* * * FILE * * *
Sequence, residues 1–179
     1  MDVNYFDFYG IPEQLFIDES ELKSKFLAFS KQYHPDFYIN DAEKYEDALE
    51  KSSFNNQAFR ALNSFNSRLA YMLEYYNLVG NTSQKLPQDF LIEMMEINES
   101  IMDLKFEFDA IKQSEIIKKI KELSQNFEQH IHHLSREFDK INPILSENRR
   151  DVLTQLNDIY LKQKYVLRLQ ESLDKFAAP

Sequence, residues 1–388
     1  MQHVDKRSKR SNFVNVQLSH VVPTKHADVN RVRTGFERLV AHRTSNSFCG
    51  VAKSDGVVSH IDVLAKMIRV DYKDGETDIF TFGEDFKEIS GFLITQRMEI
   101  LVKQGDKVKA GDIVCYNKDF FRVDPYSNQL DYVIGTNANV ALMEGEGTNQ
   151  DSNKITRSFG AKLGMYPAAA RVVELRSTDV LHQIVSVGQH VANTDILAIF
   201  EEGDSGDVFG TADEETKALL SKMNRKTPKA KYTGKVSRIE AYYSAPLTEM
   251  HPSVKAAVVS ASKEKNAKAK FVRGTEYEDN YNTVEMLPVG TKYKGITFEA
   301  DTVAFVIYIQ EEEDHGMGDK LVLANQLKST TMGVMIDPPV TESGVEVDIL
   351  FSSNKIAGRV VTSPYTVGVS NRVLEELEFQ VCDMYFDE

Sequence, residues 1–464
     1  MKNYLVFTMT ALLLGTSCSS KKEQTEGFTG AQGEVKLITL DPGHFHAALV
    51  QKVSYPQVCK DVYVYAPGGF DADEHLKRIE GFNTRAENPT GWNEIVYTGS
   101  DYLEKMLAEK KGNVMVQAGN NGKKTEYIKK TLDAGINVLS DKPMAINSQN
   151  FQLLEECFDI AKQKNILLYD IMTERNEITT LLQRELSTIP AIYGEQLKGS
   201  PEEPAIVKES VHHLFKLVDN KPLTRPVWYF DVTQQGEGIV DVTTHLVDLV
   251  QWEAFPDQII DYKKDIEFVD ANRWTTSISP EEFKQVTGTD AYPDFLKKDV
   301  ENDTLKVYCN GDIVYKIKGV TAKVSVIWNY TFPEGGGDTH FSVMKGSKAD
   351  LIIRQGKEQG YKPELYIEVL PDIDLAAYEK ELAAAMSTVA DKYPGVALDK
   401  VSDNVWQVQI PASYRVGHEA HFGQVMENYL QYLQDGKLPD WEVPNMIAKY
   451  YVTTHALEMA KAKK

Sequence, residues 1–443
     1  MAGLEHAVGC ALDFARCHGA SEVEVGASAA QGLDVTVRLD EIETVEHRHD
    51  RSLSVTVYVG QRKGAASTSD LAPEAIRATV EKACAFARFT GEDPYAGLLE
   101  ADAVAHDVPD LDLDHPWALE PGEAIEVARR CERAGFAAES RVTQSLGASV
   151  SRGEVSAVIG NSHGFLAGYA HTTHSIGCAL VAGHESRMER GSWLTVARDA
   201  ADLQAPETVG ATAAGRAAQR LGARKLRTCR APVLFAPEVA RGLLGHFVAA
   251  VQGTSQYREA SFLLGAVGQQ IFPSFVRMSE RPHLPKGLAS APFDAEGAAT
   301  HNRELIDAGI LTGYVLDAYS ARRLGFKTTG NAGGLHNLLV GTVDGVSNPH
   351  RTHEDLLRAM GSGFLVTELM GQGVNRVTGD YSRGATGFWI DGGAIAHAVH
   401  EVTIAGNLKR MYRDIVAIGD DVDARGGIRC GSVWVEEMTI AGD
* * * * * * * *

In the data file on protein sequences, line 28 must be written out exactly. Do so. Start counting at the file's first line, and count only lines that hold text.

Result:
    51  RSLSVTVYVG QRKGAASTSD LAPEAIRATV EKACAFARFT GEDPYAGLLE